If you quickly research what percentage of communication is nonverbal, you’ll run into the same number again and again: 93%. According to many sources, including the New York Times, only 7% of a speaker’s communication is verbal. There’s only one problem with this number: it’s a total misunderstanding of the actual science! If you’re wondering how much of communication is nonverbal, in reality, the answer isn’t all that cut-and-dried. Here are the often-misrepresented facts.
Debunking “the 7% Rule”
First things first: let’s talk through the big misunderstanding, known as “the 7% rule,” that’s been circulating for decades.
In a 2011 article, respected science author Philip Yaffe explains the origins of the myth that 7% of communication is verbal, while 93% is nonverbal. The adage started with a misunderstanding of research performed in the 1960s by Professor Albert Mehrabian and his colleagues at UCLA.
“When [Mehrabian’s] results were published in professional journals in 1967, they were widely circulated across mass media in abbreviated form,” Yaffe explains. “Because the figures were so easy to remember, most people forgot about what they really meant. Hence, the myth that communication is only 7% verbal and 93% nonverbal was born. And we have been suffering from it ever since.”
Dr. Mehrabian’s original research consisted of two studies bundled together in one research paper. The paper discusses how much of communication is nonverbal, specifically when people are listening to only one word spoken by a speaker.
Study #1: The Word “Maybe” Pronounced Three Ways
In the first of Dr. Mehrabian’s two studies, participants listened to a recording of a woman’s voice saying the word “maybe” in three ways. The three tones conveyed liking, neutrality, and disliking. At the same time, the subjects looked at photos of the woman’s face expressing those three emotions. Then, researchers asked the people to guess the emotions they could hear in the recorded voice, see in the photos, and then see and hear together.
The result was that people correctly identified the emotions 50% more often based on the photos than the voice.
Study #2: Different Words Pronounced Three Ways
In the second study, researchers played nine different recorded words for people in groups of three. Three of the words conveyed “liking” (honey, dear, thanks). Three expressed “neutrality” (maybe, really, oh). The last three conveyed disliking (don’t, brute, terrible). Each time, the speaker pronounced each word three different ways for the listeners.
When the listeners guessed which emotions the speaker conveyed, researchers concluded that the tone of voice influenced them more than the words themselves.
The Problem With “the 7% Rule”
Ultimately, when Dr. Mehrabian combined these two studies, he wrapped them into one statistic about what percentage of communication is nonverbal. He said that 7% of the information was gleaned from the word itself, whereas 93% of the information was nonverbal. That nonverbal component included body language (55%) and tone of voice 38%.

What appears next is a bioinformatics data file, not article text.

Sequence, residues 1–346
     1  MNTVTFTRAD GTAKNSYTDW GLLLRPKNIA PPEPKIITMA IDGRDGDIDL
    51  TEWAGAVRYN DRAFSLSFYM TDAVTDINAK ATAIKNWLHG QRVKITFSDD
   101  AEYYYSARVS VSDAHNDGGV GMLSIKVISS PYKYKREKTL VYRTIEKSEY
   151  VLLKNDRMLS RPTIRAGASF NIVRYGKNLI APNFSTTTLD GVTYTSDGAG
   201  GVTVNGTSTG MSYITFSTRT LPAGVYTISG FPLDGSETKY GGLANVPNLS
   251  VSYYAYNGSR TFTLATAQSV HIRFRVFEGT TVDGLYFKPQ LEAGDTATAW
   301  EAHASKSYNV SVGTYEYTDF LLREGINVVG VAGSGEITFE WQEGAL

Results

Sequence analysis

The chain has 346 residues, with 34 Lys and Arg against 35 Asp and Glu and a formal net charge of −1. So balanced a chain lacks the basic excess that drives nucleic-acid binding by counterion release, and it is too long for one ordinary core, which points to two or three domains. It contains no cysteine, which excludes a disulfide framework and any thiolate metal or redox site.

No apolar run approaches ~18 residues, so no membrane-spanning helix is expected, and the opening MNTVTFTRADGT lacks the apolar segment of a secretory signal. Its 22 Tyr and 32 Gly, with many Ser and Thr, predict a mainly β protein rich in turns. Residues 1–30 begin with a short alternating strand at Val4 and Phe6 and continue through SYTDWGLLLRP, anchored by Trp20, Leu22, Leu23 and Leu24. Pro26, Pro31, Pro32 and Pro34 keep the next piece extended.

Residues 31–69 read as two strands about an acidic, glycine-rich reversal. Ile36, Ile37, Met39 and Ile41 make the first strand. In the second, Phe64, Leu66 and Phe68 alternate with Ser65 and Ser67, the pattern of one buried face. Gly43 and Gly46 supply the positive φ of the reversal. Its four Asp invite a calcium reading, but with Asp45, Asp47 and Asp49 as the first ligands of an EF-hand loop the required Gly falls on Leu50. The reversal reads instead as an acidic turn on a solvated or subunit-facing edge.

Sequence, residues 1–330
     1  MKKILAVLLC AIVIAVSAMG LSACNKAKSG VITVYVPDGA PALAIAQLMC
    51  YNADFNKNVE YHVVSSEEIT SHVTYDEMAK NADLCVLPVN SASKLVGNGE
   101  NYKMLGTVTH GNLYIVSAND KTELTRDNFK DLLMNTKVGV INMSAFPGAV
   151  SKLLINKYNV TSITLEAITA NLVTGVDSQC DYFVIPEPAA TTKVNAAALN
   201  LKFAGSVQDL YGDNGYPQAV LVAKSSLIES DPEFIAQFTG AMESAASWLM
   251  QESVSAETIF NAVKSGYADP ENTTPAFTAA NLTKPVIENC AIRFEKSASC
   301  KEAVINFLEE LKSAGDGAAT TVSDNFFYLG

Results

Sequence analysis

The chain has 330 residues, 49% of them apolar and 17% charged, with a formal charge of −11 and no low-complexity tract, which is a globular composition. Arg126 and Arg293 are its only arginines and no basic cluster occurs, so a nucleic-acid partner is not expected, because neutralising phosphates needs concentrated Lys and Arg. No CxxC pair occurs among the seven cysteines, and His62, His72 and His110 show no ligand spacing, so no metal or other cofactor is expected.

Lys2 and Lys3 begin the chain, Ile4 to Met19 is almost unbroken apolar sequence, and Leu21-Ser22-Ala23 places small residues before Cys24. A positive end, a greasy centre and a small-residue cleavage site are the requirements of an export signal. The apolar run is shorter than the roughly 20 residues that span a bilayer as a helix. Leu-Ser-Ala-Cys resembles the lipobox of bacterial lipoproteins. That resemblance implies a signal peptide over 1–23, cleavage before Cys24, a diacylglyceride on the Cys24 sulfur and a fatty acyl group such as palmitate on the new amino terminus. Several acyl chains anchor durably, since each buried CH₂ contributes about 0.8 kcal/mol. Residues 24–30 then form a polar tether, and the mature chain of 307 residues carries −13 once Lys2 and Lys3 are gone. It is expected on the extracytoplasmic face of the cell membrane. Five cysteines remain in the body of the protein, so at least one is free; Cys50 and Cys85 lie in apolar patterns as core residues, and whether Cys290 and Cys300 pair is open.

The problem is that these numbers are relevant only when the speaker is saying just one word. Even then, it’s only relevant in a controlled research setting. In addition, the research itself included only 37 research subjects, all of whom were female psychology majors at the university. That group is neither big nor diverse enough for conclusive science.
In reality, things get a lot more complicated when people start composing sentences, speeches, presentations, and other communication that happens in our day-to-day experience. As Timothy Hegstrom wrote in a 1979 paper, Mehrabian’s formula “gives the impression that more is known about the relative contributions of the various channels of communication than in fact is known. It is misleading to use this.”
On top of all that, Mehrabian himself published a clarification of his study after the statistic went viral.
“Please note,” Dr. Mehrabian wrote, “that this and other equations regarding relative importance of verbal and nonverbal messages were derived from experiments dealing with communications of feelings and attitudes (i.e., like-dislike). Unless a communicator is talking about their feelings or attitudes, these equations are not applicable.”
When you think through this myth with this information, it seems like common sense, right? Once you go beyond a single word, the words become a lot more important. Just try communicating without them, and you’ll soon discover how difficult it is to communicate through nonverbal techniques on their own. Yet, this misinformation is so widespread that in 2007, only 5% of supposedly authoritative websites actually pointed out this fallacy.
No Single Number Describes the Amount of Communication That is Nonverbal
Although much less commonly cited, there’s another researcher who tried to find this out. His name was Ray Birdwistell, and he was the founder of kinesics, a field of study concerned with human movement. Birdwistell believed that between 60% and 70% of human communication is nonverbal.
As compelling as it may be, Birdwhistell’s work never picked up much traction in the scientific community. In fact, scientists have cited him only occasionally, and decades of research have failed to confirm his belief in any kind of systematic way. Some peers have criticized him quite severely, writing, “Birdwhistell’s work contains major flaws, and the verdict of other researchers who have tried to develop his theories of kinesics has been damning.”
The bottom line is that most likely, there isn’t one single number that describes the amount of communication that is nonverbal.
So, How Much of Communication is Nonverbal, Really?
Despite these points, it’s clear to most people, including scientists, that nonverbal communication is a big part of our lives. For a reliable understanding of nonverbal communication and its value, you can look deeper into studies that show the impact of communicating things using body language.
Gesturing and Body Language